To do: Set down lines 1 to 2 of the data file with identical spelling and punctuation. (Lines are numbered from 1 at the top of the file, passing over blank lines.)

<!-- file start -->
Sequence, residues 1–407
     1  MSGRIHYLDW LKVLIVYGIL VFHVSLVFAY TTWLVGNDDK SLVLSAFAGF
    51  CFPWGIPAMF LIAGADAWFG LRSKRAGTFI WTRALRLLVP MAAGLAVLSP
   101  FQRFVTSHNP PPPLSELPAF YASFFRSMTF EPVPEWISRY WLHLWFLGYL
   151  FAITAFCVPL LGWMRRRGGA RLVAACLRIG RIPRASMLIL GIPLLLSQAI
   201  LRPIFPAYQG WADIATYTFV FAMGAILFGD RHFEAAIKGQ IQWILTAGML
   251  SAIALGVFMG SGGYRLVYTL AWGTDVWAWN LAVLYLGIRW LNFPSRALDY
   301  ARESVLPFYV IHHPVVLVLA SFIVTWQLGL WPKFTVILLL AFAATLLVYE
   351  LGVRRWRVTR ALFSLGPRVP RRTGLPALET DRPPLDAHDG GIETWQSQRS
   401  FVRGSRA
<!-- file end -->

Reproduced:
Sequence, residues 1–407
     1  MSGRIHYLDW LKVLIVYGIL VFHVSLVFAY TTWLVGNDDK SLVLSAFAGF